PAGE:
Trains, trams and buses. And the people. Oh my!
When I left my job in July, I also gave up my shiny new novated lease company car. And my folks’ place, where I’m staying, is a million miles from civilisation. Okay, that might be a slight exaggeration… But I’ve affectionately dubbed it: “Suburbia-urbia-urbia”. It is far from my idea of what it means to live in Melbourne.
Its Spring here and the middle of the days are starting to be sunshine-y and pretty, putting a little strut in my walk. But the mornings and evenings are cold, and it’s still getting dark pretty early.
As I schlepped my achy infected ear from the train to the bus stop in chilly darkness, I needed a seat. At first, I was a little annoyed by a woman with two kids who’d parked a pram with one child in it in front of the available seats. I squeezed into a seat anyway. The little blonde boy was perhaps three years old with an angelic smile. The blonde girl in head-to-toe pink prancing around like a monkey was older, maybe five or six.
My initial impression of this mother with two kids was that she was foreign. She seemed to be speaking a language I couldn’t pick up. With my one good ear, I heard shrill yips erupt from her mouth – kind of like a cross between a yodel and a shriek, very unusual.
She was dressed a little oddly too, in an old-fashioned pale purple velvet jacket. Her hair looked dishevelled and her daughter’s was half in pigtails and half pulled out. The little boy was dressed warmly enough but I obnoxiously thought to myself – he could do with a hat and a blanket.
The children were energetic but didn’t say that much. Instead there were many facial expressions along with the mother’s unusual vocals. Then I noticed subtle hand movements between mother and daughter – the mother was deaf!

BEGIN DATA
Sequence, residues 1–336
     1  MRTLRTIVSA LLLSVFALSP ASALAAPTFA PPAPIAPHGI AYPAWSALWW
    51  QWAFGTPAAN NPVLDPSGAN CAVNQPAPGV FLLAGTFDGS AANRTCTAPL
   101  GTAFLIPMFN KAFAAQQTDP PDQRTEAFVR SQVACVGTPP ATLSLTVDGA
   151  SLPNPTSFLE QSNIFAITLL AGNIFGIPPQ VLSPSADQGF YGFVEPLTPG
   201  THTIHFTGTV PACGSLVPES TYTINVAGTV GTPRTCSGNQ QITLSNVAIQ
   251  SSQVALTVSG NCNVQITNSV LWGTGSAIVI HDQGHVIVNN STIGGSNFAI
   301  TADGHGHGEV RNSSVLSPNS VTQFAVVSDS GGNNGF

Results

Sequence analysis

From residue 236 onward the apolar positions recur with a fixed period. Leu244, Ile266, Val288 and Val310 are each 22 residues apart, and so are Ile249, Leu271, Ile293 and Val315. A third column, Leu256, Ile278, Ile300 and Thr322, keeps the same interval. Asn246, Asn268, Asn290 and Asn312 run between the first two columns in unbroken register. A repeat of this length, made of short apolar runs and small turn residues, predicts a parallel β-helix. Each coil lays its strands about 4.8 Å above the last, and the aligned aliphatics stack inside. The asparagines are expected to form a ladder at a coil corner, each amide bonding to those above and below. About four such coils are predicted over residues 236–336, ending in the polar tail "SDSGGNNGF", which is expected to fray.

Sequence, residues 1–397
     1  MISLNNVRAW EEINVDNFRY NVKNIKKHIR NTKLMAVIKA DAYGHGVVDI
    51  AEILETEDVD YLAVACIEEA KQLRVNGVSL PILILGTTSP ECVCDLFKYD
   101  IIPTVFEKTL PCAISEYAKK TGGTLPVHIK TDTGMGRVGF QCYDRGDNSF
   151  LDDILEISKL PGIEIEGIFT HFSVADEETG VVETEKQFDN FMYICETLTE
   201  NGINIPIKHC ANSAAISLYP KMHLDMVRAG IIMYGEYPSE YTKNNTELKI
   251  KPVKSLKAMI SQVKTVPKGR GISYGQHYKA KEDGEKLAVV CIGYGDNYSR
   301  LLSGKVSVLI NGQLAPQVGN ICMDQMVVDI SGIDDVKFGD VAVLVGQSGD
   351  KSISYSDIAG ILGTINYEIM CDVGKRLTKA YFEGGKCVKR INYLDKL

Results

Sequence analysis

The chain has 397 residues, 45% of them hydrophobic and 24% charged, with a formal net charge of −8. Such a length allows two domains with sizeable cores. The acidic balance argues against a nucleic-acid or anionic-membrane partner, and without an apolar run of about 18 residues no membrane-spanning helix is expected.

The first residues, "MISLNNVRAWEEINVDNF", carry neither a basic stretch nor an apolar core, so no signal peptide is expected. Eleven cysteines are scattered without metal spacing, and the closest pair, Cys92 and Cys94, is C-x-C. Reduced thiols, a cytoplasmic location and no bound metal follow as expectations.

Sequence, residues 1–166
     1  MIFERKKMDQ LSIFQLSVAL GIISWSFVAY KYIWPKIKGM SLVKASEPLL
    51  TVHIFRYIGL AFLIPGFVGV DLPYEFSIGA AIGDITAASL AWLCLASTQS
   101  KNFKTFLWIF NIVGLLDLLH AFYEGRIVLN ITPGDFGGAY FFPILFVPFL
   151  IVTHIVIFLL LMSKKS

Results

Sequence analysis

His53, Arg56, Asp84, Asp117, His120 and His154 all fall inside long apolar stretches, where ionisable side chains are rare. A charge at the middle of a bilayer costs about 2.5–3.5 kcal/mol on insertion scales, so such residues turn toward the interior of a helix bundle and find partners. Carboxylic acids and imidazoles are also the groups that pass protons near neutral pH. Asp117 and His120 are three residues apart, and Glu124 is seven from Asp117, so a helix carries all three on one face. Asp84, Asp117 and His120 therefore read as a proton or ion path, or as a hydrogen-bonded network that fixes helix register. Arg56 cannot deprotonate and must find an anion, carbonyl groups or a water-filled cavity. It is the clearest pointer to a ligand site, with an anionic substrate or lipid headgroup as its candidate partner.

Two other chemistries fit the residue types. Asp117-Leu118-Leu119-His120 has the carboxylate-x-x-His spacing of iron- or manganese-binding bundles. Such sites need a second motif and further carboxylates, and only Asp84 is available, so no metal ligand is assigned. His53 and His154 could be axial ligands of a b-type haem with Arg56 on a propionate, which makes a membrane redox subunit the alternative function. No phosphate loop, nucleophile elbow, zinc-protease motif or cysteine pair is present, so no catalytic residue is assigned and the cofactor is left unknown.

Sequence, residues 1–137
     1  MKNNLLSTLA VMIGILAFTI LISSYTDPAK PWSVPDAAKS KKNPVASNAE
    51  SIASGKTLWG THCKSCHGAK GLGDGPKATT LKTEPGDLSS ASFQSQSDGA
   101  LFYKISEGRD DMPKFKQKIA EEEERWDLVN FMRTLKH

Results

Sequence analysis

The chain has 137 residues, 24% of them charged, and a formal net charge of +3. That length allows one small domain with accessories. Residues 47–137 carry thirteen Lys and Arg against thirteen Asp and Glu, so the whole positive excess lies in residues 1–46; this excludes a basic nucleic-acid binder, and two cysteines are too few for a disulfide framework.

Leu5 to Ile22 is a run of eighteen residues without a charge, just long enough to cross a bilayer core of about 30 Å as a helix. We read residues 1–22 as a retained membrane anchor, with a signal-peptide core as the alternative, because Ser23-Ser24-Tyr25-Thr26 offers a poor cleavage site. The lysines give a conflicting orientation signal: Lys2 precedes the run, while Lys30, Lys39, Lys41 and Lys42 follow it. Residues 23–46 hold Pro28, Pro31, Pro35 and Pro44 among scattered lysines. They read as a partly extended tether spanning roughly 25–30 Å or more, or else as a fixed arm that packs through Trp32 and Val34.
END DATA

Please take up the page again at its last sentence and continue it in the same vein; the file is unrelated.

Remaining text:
The bus lumbered in a few meters ahead of the stop. The little girl raced ahead of her mum and I took it upon myself to keep an eye on her whilst her mum manoeuvred the pram and settled on the bus.
In this time, the girl had climbed on a seat and grabbed hold of two hanging rings, swinging from them like play equipment. Several sharp trills erupted from her mum, with extensive body language ordering her to get down immediately!
The young girl seemed to relish the fact that her mother couldn’t control her as easily as she might if she wasn’t deaf. The child already knew she had freer reign and she took advantage of it. As her mother was getting the pram and the young boy on the bus, quick as a flash she vanished into the seats behind me.
Several yips and yodels later, the little girl was still hiding from her mum, causing her to leave the son where he was in his pram and physically grab her older child. I kept my eye on the boy whilst she retrieved her daughter who was crying about the unfairness of her life.
The mother had to use a certain level of physical force to show her daughter she meant business and keep her in her seat. Meanwhile, the young boy had started to cry a little, and only when he became a little desperate did he verbalise his cry: “Mummy”. Not that she heard him.
And I thought.
About words. Communication. How much we rely on them. Even if we mostly get each other wrong, hopelessly misunderstanding what others are saying to us… the words give us connection and comfort. The illusion we all see the world in the same way.
This woman had not one but two kids in a world she could only partially relate to. Her children before the age of ten could easily play tricks on her and make being a mother more trying than normal. It was clear that she loves her kids and that she disciplined them to the best of her ability.
Her daughter whilst still young not only knew sign language, but bore the knowledge her mother wasn’t “normal”. She was aware of those who would stare at the unusual sounds her mother made and although she didn’t seem to be embarrassed, she definitely took advantage of her mother in good natured rebellion.
This woman was so brave, I mused. She relies on Grace and the kindness of strangers whilst she does her best to bring up her kids the best way she knows how. One day, her children will know more than she ever will. But it hasn’t stopped her from doing what she can.
I silently saluted her as she went about her daily business.